Jeremy Hinsdale is a writer, technologist and artist in New York City. His work has appeared on the websites for PBS, Newsweek, the American Museum of Natural History, State of the Planet and other publications.
Nathier Fernández is a Colombian designer and research-based artist. Her current work focuses on the relationship between human and non-human interactions and what arises when emerging technologies are involved. She has a special interest around living materials, exploring possible intersections between biological and computational systems.
Pavel Korbicka is a visual artist based in the Czech Republic. He has been awarded grants and scholarships from the Pollock Krasner Foundation and the Ministry of Culture of the Czech Republic, and held a residency at SCOPE Light Art in Berlin. Having earned his degree from the Academy of Fine Arts in Prague, he has exhibited widely in Europe in cities including Brno, Prague, Katowice, Milano, Venice, and Büdelsdorf.
“Out of the rolling ocean the crowd came a drop gently to me … I too am part of that ocean, my love, we are not so much separated, Behold the great rondure, the cohesion of all, how perfect!”
Emily Erekson is a NYC-based collaborative artist who enjoys engaging with music as if she were in a giant laboratory. As a college student, she acquired a dilapidated grand piano and founded The Dead Piano Society, where she and her friends would gather around the soundboard and experiment with extended techniques and new sonic textures. This was just the beginning of what would become a pattern in her career of creating collaborative musical communities that come together, experiment and improvise. Her compositions are natural outgrowths from her desire to explore and have recently been showcased at Carnegie Hall and Columbia University. A passionately eclectic pianist, she has performed classical music, jazz or art-rock at Carnegie Hall, Lincoln Center, the Utah Governor’s Mansion, the Utah State Capitol and various venues throughout Europe. She has opened for several major acts, including Neon Trees, and is Co-founder and Director of Experimental Workshops of Glassbox Collective.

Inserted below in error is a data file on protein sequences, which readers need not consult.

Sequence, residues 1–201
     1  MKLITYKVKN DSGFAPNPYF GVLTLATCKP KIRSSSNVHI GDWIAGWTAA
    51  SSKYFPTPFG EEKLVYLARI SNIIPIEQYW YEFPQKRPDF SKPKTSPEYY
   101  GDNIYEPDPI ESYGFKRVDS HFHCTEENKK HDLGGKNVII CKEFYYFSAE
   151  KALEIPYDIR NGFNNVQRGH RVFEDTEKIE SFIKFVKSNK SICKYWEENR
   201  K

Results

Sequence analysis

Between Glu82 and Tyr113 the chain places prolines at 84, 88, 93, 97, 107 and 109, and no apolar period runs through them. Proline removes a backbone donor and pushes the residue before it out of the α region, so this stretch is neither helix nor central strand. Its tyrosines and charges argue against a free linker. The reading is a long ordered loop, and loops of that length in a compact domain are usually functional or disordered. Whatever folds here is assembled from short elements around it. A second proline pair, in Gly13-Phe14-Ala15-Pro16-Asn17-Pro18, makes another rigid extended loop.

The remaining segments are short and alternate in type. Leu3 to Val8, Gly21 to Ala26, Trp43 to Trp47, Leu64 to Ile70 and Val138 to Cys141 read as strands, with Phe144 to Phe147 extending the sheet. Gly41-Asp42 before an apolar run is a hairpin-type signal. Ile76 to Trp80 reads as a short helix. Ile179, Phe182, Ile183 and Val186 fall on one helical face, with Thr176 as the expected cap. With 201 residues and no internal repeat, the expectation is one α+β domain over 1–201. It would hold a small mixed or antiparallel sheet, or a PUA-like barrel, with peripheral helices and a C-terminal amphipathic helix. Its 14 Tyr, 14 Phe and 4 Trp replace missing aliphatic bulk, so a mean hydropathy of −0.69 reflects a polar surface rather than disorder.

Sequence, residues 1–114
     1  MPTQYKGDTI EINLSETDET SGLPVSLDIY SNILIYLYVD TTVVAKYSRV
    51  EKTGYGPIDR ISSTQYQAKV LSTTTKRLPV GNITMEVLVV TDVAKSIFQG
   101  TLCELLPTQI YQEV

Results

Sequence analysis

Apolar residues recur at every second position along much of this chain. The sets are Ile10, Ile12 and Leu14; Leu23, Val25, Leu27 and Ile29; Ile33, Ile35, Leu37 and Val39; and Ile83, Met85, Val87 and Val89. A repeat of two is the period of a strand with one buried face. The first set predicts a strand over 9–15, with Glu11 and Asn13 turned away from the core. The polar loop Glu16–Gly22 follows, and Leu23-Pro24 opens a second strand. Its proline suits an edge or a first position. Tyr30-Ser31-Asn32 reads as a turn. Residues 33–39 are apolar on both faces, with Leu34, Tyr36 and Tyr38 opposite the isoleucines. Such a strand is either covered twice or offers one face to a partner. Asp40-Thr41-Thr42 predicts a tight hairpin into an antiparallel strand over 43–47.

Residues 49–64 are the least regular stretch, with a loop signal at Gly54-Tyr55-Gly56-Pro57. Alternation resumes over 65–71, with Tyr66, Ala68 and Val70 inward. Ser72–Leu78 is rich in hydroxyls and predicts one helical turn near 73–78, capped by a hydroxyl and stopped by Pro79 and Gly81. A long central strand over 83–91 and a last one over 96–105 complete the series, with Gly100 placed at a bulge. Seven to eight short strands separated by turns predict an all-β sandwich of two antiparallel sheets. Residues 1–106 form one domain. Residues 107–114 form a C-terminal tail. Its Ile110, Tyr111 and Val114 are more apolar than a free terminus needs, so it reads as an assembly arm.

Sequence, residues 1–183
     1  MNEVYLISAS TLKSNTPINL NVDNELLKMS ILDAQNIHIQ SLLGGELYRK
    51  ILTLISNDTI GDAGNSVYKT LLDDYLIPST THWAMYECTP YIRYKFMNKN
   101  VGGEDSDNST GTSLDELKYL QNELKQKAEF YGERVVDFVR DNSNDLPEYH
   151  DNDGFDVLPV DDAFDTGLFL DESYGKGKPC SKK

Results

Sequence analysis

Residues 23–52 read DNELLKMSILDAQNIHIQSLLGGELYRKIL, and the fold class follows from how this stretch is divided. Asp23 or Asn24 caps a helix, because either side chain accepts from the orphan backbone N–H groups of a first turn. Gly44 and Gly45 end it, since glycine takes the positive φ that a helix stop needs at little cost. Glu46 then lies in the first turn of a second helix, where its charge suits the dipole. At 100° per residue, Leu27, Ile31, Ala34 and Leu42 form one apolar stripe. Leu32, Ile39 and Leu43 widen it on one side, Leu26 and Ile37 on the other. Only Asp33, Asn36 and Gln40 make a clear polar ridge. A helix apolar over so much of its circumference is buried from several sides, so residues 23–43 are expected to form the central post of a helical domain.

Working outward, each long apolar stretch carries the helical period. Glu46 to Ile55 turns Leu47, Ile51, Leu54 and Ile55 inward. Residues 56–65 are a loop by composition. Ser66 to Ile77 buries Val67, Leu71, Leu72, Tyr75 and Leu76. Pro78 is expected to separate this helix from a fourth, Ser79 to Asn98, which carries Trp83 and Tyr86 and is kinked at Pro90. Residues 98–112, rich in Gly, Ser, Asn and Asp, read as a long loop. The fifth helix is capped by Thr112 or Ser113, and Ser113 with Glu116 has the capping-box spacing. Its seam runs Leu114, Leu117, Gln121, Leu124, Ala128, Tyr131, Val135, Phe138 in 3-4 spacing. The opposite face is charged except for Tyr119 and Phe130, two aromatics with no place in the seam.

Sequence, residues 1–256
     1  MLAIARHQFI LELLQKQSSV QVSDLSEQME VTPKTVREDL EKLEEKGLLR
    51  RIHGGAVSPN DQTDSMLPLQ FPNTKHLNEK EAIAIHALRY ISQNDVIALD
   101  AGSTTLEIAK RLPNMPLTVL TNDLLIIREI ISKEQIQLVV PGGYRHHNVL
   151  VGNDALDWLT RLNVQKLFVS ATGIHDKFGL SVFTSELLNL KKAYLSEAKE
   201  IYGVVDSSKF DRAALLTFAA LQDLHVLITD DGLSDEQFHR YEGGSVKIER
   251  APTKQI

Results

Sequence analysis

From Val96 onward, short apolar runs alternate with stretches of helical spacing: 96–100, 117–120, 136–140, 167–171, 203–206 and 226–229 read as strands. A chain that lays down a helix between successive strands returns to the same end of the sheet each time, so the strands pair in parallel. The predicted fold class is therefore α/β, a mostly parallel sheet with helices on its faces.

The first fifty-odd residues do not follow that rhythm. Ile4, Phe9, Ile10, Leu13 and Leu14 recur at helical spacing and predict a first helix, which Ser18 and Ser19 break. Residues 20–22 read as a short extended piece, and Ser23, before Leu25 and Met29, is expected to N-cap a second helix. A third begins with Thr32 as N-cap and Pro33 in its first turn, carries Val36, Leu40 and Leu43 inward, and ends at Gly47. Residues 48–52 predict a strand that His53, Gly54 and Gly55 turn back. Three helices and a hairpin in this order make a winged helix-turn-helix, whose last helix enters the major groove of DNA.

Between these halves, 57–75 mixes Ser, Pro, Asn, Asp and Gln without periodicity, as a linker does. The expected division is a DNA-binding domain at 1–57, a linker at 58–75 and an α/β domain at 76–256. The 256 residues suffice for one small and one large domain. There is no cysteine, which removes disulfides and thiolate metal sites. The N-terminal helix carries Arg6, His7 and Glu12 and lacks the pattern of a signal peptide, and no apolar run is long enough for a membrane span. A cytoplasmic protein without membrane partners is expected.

Bob L. T. Sturm is an American engineer and composer living in Europe since 2009. He is currently an Associate Professor of Computer Science at the Royal Institute of Technology (KTH), in Stockholm, Sweden. From 2014-2018, he was a Lecturer in Digital Media at the Centre for Digital Music, Queen Mary University of London. He received a BA in physics from University of Colorado, Boulder in 1998, an MA in Music, Science, and Technology, at Stanford University, in 1999, and a PhD in Electrical and Computer Engineering from the University of California, Santa Barbara in 2009.
Yoav Lifshitz is a media theoretician, a non-disciplinary artist and curator, and teaches new-media arts. In his work, he combines activism, culture jamming, critical engineering, and journalism. Lifshitz is the co-founder of the Captive Portal platform at the Center for Contemporary Art, Tel-Aviv, and the Israeli Pirate Party collective.
Shawn Lawson & Jeremy Stewart
Shawn Lawson is an artist researching the computational sublime. He performs under the pseudonym Obi-Wan Codenobi where he live-codes real-time computer graphics with his open source software. He has performed or exhibited in England, Scotland, Spain, Denmark, Russia, Italy, Korea, Portugal, Brazil, Turkey, Malaysia, Iran, Canada, and the USA. He is a Professor in and Head of the Department of Art at RPI.
Jeremy Stewart is a multimedia artist and performer researching the affective potential of distributed media systems through the creation of improvisational performances, artificial intelligence (A.I.) software, and wearable hardware. Stewart is currently a PhD candidate (ABD) in the Electronic Arts program at Rensselaer Polytechnic Institute in Troy, NY.
Times Waves Collective
Since the dawn of time, man has been obsessed with harmony. Put simply, harmony is any esthetically pleasing arrangement of a multiplicity of forms. Whether confronted with musical notes, visual cues, or words, the human sensory apparatus is highly attuned to relative relationships between inputs, and the brain experiences a sense of pleasure when these relationships meet certain criteria.
Neo Christopher Chung and George Carter Dyer form an experimental audiovisual duo called Time Waves. Based in Wroclaw, Poland, Time Waves explores physical and biological phenomena, in search of emergent visual and acoustic aesthetics. In recent works, they employ interactive and generative systems based on Max/MSP and Arduino to produce audiovisual textures and feedback loops directly from data and mathematical formulas.